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Whale Bone Alley: Siberia's Mysterious Shore where Whale Bones are Stabbed Deep into the Earth



Back in 1976, several Soviet archaeologists stumbled across a mysterious structure in the middle of the Siberian wilderness, where two parallel rows of around 34 bow-headed whale bones stabbed deep into the snow, forming an ancient, morbid walkway. Jutting out of the northern tip of Siberia's tiny and remote island called Yttygran Island in the Bering Sea, just 82 km off the coast of Alaska giant whale ribs and vertebrae mark the area. Famously known as Whale Bone Alley is a 550-meter long alley of bones stretching along the shore.


Whale Bone Alley Mystery:

Lying on a significant whale migration path, researchers think the site was chosen partially due to the ease by which the locals killed and butchered whales as well as a place where people come together and trade on neutral ground in a forerunner to the fairs held during the period of cossack exploration of the region. About 40 years after its first discovery, scientists have failed to discover the establishment and the reason for building the monument. However, the site serves as a popular archaeological attraction to the present day travelers serving as Siberia's creepier answer to the Pyramids or Stonehenge. It consists of several hundreds of whale jaw and rib bones aging more than 600 years old, tower around five meters in height, and weighing up to 300 kg. The bones are stuck into the ground and propped up by the rocks. The archaeologists believe that the great beasts were slaughtered down the middle of Whale Bone Alley, and their meat was stored and consumed by the local tribes. Several bones were found placed in long rows along the shore giving the site its evocative name. Besides the massive bones that were planted into the ground, several pits were found that are believed to be used for storing meat, with fossilized whale pieces still left within them. The overall effect of the site, as stated by curious archaeologists, is haunting Titan's boneyard. The vanishing of the people building the place long ago, thereby leaving several questions in the minds of eminent researchers carrying out their studies. What was the purpose of the grisly monument? Eminent researchers claim the site to be a sacred ground shared by the Inuit tribes, locally called Yupik.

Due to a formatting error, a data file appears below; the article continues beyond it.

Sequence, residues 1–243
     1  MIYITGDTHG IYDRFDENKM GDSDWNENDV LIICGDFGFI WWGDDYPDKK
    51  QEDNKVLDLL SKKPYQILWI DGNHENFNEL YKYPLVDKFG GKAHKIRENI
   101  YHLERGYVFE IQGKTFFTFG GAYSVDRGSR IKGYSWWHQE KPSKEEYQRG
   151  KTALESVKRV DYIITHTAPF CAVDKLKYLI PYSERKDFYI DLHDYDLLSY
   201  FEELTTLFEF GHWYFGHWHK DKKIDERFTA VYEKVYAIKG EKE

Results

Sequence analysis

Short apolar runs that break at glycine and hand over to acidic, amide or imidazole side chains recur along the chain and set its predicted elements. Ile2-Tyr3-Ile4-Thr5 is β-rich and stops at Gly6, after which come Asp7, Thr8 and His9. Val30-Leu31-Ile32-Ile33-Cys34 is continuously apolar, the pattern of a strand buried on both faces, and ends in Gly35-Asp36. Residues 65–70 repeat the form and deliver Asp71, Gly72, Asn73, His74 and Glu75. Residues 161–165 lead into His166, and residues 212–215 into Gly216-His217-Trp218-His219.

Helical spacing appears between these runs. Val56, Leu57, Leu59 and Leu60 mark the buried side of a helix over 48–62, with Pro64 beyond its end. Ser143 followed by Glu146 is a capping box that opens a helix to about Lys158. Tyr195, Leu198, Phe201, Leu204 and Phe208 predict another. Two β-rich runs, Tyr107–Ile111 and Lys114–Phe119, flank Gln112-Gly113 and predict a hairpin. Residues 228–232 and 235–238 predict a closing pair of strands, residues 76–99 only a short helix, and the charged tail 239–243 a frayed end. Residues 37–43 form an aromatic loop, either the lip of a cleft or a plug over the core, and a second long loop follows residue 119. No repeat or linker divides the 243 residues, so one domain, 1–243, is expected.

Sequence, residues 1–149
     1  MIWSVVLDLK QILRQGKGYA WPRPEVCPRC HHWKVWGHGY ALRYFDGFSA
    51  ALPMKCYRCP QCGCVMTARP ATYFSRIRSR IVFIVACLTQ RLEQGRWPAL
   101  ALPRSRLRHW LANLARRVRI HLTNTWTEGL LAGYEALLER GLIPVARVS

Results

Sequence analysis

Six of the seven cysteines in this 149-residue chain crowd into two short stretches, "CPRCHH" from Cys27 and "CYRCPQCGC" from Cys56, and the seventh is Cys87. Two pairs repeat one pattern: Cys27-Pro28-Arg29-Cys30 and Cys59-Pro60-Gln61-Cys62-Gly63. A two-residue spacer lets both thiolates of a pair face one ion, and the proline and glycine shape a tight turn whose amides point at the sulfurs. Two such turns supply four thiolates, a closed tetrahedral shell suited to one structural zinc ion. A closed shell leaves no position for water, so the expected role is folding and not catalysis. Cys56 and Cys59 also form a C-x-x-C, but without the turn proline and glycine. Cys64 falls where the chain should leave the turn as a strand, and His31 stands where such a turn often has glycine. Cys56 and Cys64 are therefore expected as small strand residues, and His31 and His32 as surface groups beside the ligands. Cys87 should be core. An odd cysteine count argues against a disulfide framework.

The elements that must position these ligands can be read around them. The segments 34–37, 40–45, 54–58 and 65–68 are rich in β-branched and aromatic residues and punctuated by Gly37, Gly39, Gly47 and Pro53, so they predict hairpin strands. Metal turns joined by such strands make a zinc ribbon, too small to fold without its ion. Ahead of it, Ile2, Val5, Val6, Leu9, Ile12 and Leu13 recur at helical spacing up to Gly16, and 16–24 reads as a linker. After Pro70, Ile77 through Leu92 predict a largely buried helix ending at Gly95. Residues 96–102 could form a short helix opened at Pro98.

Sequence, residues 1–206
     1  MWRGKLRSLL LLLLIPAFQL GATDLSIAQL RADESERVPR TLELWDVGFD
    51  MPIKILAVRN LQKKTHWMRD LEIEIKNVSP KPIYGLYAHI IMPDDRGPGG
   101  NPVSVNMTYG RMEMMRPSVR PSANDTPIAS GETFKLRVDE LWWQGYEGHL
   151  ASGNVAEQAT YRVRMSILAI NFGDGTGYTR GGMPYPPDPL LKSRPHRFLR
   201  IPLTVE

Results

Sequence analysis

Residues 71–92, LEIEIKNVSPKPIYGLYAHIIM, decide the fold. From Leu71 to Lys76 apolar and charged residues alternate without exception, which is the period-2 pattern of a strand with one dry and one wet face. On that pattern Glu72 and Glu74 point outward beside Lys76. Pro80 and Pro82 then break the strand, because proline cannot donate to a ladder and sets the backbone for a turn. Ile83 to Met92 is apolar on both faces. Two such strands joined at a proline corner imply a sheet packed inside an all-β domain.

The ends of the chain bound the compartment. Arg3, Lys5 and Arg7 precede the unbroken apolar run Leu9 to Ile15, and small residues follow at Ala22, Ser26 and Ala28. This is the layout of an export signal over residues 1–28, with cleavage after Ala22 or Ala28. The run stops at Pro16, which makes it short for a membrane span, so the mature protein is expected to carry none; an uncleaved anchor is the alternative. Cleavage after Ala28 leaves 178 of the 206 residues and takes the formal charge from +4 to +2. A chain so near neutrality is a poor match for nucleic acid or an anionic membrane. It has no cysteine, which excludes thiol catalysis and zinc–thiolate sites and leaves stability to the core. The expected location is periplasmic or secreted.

Possible Theories:

The bones belonged to the era when there were immense food shortages around the world. It is believed that the ground served the way for the anglers and the hunters to share their bounty and settling their disputes. Even some believe that the bones led the way to the holy site where ritual sacrifices were made.

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Some researchers believe the food shortages prevalent during those days led to conflicts between Inuit tribes, making the Whale Bone Alley a neutral place where they came together for discussing and solving their problems. The tribal community were known to part in several sacrificial offerings. They stored their meat in the square pits existed between the walls. However, to the Yupik people trusted the region to be a simple center meant for collection for butchery along with storage. With further investigation, researchers trying to determine the exact purpose of the site, Whale Bone Alley, are listed in the World Heritage Site, drawing several western visitors, which is increasing annually. Evgeniy Basov, an owner of a tour company and photographer, after visiting the site in 2013, stated that the site served a similar purpose for the history of the North East of Eurasia to the Stonehenge and Pyramids of Egypt. He even claimed the existence of similar well-known monuments as Whale Bone Alley, raising more questions in the minds of people.


Conclusion:

Something is exciting about an archaeological mystery that quenches the thirst for knowledge and curiosity among people. Moreover, when mystery circles around towering bones jabbed into the ground, the thirst for knowledge increases suddenly.


Though there are sites along the Chukotka coast, where the whale skull motifs can be seen at sites such as Nykhsirak, there is no evidence of any other monumental ritual center like the Whale Bone Alley elsewhere in other parts of the Eskimo lands. If you are curious enough of the haunted scenes and eerie artifacts, visit the Whale Bone Alley of the Siberian Tundra.


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